Princeton Review ranks Freeman 14th nationally for entrepreneurship

For the sixth consecutive year, Tulane University’s A. B. Freeman School of Business has been recognized as one of the top 25 schools in the country for graduate entrepreneurship education.

The Princeton Review ranks the Freeman School 14th on its new list of the nation’s top graduate programs for entrepreneurs. The ranking appears in the October 2011 issue of Entrepreneur magazine, which hit newsstands on Sept. 20, and can be viewed online at and

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The Tulane Business Plan Competition is the only business plan competition in the nation dedicated to the principles of conscious capitalism.

“We are delighted to again be recognized as one of the nation’s leading schools for entrepreneurs,” said Ira Solomon, dean of the Freeman School. “New Orleans has earned national headlines in recent years for its remarkable entrepreneurial resurgence. The Freeman School is proud to play a part in that rebirth.”

Fueled by a post-Hurricane Katrina wave of business students eager to participate in the revitalization of New Orleans, the Freeman School has in the last decade established a national reputation for social entrepreneurship. More recently, the Freeman School has become a leader in promoting conscious capitalism, a broader concept that calls for organizations to consider the best interests of all stakeholders—including employees, customers, suppliers, shareholders and community members—rather than focusing solely on shareholder returns. The Tulane Business Plan Competition, an annual presentation of the Tulane Entrepreneurs Association, is the only business plan competition in the nation dedicated to the principles of conscious capitalism.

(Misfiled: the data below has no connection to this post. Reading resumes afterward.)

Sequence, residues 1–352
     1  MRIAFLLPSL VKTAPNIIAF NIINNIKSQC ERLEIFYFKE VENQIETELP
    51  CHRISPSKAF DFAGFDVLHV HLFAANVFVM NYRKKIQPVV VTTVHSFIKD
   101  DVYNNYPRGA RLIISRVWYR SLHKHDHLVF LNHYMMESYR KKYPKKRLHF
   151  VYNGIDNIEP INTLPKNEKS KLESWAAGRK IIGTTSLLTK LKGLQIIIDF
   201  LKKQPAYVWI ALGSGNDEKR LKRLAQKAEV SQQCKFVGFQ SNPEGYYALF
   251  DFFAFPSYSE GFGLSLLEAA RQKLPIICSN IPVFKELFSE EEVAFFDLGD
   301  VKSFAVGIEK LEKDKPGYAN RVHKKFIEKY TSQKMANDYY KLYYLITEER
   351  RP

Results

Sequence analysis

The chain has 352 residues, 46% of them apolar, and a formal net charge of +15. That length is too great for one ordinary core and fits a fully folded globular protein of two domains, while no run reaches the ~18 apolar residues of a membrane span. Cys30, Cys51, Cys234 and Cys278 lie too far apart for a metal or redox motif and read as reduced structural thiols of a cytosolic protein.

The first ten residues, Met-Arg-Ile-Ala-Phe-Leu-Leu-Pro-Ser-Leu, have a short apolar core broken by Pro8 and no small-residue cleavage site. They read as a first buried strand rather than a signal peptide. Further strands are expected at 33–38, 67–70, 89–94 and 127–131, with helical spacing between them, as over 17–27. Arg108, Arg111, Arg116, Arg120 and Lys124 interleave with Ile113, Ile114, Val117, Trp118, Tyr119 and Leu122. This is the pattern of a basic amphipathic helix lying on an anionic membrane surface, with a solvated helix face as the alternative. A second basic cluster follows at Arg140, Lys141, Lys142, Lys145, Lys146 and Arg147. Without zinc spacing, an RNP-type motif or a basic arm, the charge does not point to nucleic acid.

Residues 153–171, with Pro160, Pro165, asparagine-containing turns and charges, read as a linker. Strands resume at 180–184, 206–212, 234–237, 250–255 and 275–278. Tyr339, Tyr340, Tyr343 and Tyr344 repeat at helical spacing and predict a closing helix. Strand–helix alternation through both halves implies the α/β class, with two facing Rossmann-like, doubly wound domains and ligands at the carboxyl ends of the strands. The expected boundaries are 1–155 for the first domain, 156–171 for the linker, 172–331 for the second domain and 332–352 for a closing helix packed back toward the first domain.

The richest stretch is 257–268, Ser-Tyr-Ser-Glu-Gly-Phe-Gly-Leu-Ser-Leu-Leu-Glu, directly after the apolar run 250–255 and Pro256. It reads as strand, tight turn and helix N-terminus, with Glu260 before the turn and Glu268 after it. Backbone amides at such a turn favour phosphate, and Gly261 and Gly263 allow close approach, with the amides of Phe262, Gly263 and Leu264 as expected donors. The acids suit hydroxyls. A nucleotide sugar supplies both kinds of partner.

“This outstanding ranking is a reflection of all the alumni, students, faculty, staff and entrepreneurs who have worked together to make it possible,” said John Elstrott, clinical professor of entrepreneurship and executive director of the Levy-Rosenblum Institute for Entrepreneurship. “By devoting our passion and creativity to raising the level of entrepreneurship education at the Freeman School, we hope to inspire a new generation of entrepreneurs and social innovators across the university and in the community.”

The Princeton Review surveyed more than 2,000 business schools for this year’s ranking. Each program was evaluated based on key criteria in the areas of teaching entrepreneurship business fundamentals in the classroom, staffing departments with successful entrepreneurs, excellence in mentorship, and providing experiential learning or entrepreneurial opportunities outside of the classroom as well as for non-traditional, distinguishable aspects of their programs.

The Freeman School of Business at Tulane, originally the College of Commerce and Business Administration, was established in 1914 and is a founding member of AACSB, the premier accrediting body for collegiate schools of business. Today, Freeman is a leading, internationally recognized business school with more than 2,000 students in programs spanning three continents. The Freeman School is consistently listed among the nation’s best business schools by publications including U.S. News & World Report, Bloomberg Businessweek, Forbes, Financial Times and AméricaEconomía.

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